The University of Canterbury is a one hour flight and a whole world away. As if we didn’t know it already, UoA has a shit (read: non-existent) student culture compared to our South Island counterparts. My boyfriend and I took a few days during the holidays to visit his brother who studies down in Christchurch, and we came back amazed at what we experienced, and annoyed at ourselves for choosing to study in Auckland. What they have down there is truly rad.
We were picked up on a Tuesday evening from the airport. At 5pm there was no traffic to speak of, and it was probably only a 10 minute drive to the flat. So far Christchurch is winning in my books. They all used an adorable ski-bum set of slang, swore like sailors and made a lot of sex jokes jumping on any opportunity to boast about how loose the student life was in Canta. When we got to the flat, it had everything we don’t up here in Auckland. Cheap rent, no water bills, a lax landlord due to earthquake damage rendering the house unsellable, messy-yet-cosy living areas, and an eclectic mix of students from different faculties who had all the important things in common: a love of skiing, and drinking.
Nightly flat dinners with a different cook each night, ski trips, and general yarn spinning were part of daily life, interspersed with the occasional test or study session that was sidelined to other aspects of student life. We spent the first night drinking about 50 beers between 6 of us with a few beer runs to Pak n Save right down the road (we had a sober driver dw). After a day of leisurely perusing the Christchurch sites on bicycle (which everyone apparently does here), we drove up to Temple, the University ski field the next day.
Those Christchurch people are tough. Well, if I’d lived through sub-zero winters and earthquakes I probably would be too. As it was, my boyfriend and I just about died on the hour and a half vertical walk up a mountainside to the student ski lodge. This hike up to Temple followed a solid two hour drive from Christchurch, which is a weekly event for many CUSSC members. Apparently it’s even been known for some to do this, ‘slay the pow’ for a couple of hours and then head back for an afternoon lecture at uni… Nuts. In comparison, the University of Auckland is fundamentally a serious institution. International students come here because it’s where their rich parents know they’ll get the most study done, not the most partying.
I think, though, that you can have both. UC students are invested in and proud of their University, and the Student Association (UCSA) elections are hotly contested, with 33% of students participating this year. The student election special of their student magazine Canta had about 10 pages of election based content, with teams of contestants and their goals for the University. The flatties actually discussed and debated the merits of each candidate, albeit with a fair amount of jibing and mocking of appearances – but it was there! Both Executive and Portfolio positions are paid, with the President receiving $45K a year. UCSA members are also paid for turning up to student council meetings. We couldn’t believe our eyes. Up in Auckland, elections for AUSA executive have less than 1% turnout. To rub salt into the apathetic student wound, you get $100 for writing feature articles for Canta, the student magazine. But instead, I go to UoA and write for Craccum, an under-funded magazine that no one reads, let alone cares about.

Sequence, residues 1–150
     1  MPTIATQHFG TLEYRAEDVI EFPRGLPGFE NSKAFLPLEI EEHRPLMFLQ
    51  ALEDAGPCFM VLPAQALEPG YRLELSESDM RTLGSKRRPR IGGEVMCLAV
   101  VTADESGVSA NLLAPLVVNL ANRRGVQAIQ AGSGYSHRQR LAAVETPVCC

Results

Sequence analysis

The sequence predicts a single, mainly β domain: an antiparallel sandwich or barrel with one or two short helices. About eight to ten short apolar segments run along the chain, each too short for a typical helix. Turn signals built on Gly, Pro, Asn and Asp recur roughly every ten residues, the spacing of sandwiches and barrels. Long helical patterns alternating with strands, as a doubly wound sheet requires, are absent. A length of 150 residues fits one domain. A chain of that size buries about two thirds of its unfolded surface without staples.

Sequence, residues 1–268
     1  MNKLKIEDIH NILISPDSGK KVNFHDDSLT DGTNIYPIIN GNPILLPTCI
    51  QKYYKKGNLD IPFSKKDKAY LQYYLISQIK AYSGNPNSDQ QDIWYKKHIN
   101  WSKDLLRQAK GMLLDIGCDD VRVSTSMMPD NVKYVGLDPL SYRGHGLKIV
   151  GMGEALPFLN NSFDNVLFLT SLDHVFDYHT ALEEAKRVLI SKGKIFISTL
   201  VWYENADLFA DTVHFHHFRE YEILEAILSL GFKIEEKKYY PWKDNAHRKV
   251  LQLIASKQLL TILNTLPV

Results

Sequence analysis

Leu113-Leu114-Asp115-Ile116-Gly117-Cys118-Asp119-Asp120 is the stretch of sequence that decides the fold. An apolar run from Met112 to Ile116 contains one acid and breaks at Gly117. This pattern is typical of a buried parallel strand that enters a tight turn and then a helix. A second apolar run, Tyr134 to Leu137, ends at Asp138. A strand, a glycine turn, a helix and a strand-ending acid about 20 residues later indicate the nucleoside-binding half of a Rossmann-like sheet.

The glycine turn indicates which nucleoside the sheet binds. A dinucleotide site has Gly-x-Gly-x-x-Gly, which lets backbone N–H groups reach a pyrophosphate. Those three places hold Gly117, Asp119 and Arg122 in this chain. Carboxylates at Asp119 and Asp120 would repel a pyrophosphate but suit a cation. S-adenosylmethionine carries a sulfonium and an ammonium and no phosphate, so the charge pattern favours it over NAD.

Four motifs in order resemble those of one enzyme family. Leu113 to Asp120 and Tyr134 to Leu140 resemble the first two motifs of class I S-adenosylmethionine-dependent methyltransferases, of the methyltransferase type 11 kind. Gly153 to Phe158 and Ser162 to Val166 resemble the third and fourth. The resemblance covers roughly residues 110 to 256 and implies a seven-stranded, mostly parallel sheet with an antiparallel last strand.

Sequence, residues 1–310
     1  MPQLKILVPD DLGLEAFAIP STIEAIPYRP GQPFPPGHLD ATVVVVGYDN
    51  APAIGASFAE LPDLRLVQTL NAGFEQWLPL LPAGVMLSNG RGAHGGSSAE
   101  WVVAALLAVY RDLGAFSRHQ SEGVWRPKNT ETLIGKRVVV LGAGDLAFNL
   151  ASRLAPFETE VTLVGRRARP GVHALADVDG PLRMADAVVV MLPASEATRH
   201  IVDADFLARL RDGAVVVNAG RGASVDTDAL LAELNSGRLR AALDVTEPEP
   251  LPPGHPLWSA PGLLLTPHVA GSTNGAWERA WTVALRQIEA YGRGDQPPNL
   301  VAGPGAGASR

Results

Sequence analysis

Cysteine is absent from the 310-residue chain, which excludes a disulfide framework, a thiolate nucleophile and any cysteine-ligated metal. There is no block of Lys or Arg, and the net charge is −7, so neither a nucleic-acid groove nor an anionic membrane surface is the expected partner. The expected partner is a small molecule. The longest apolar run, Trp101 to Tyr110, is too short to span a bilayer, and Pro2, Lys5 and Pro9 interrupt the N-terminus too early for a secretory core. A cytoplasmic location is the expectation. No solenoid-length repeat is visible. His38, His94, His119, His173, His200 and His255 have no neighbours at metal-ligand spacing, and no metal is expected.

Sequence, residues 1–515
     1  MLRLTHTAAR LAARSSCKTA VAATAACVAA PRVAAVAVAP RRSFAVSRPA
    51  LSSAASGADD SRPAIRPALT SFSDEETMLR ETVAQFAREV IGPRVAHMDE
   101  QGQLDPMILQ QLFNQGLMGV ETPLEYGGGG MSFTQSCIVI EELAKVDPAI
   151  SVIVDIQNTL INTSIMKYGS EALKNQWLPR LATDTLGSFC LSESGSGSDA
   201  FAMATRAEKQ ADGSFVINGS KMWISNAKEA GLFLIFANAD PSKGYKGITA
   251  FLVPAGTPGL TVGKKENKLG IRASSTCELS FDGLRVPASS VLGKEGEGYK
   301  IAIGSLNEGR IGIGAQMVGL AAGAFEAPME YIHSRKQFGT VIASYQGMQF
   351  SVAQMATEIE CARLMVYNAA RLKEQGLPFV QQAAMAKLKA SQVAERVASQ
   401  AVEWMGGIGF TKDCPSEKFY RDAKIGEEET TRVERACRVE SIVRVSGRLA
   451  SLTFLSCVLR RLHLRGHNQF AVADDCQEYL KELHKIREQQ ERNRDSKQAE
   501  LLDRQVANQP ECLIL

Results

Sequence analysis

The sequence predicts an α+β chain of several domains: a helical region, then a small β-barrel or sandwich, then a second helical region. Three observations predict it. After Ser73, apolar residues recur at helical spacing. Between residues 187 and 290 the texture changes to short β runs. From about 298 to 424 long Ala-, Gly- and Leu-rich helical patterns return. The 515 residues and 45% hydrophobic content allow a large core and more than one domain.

There is more of a club culture than general student culture at UC, and when we went along to a CUSSC (Canterbury University Snow Sports Club) committee meeting with the flatties, it was evident that the 20 odd exec members are not only crazy students rabid for a piss-up, but also passionate about their sport and pretty bloody onto it in regards to organisation. In an hour they discussed a packed agenda with everyone contributing enthusiastically and intelligently. The club has a few thousand members who regularly pack the CUSSC vans up to the mountain each weekend, so they have no choice but to be committed once they’re on the committee.
Canta has around 140 student associated clubs on campus, including sporting, performing arts, department associations, industry (there’s even a Forestry Society), and random interests, like the Fish Society. All these clubs actually pull off sick events, such as annual balls, treasure hunts and productions. UCSA fought hard to keep alcohol allowed on campus so that clubs could continue holding events on campus, and to be honest this is probably a big part of what make them so successful. There’s nothing like a bit of social lubricant to help get everyone enjoying themselves.
I don’t know what bigger clubs at UoA are like, but the ones I’m a member of (admittedly more sjw type groups) can often be quite half-assed, despite there being around 200 on campus. There are a few really amazing individuals leading some of these clubs, but the members are often too far-flung across Auckland, or simply don’t have the time to really turn it into a community. For many groups it’s totally weather dependent on whether 5 or 50 people will turn up, no matter how well planned the event is.
To reference Caitlin Abley’s column ‘A-pathetic University’, Auckland Uni does have some form of culture, but it is separated into departments like Auckland Law Revue, and generally (to my knowledge) doesn’t extend beyond faculties. The diversity levels at UC are a bit shit, i.e. everyone is white and middle class. Let’s face it: to be able to ski, let alone go regularly as well as going flatting you must have a fair bit of financial capital. To conclude this yarn, what we all need to do is either move ourselves and our University campus to South Auckland so we can afford to go flatting (a necessary condition for student culture), or move to Christchurch. I’m seriously considering it.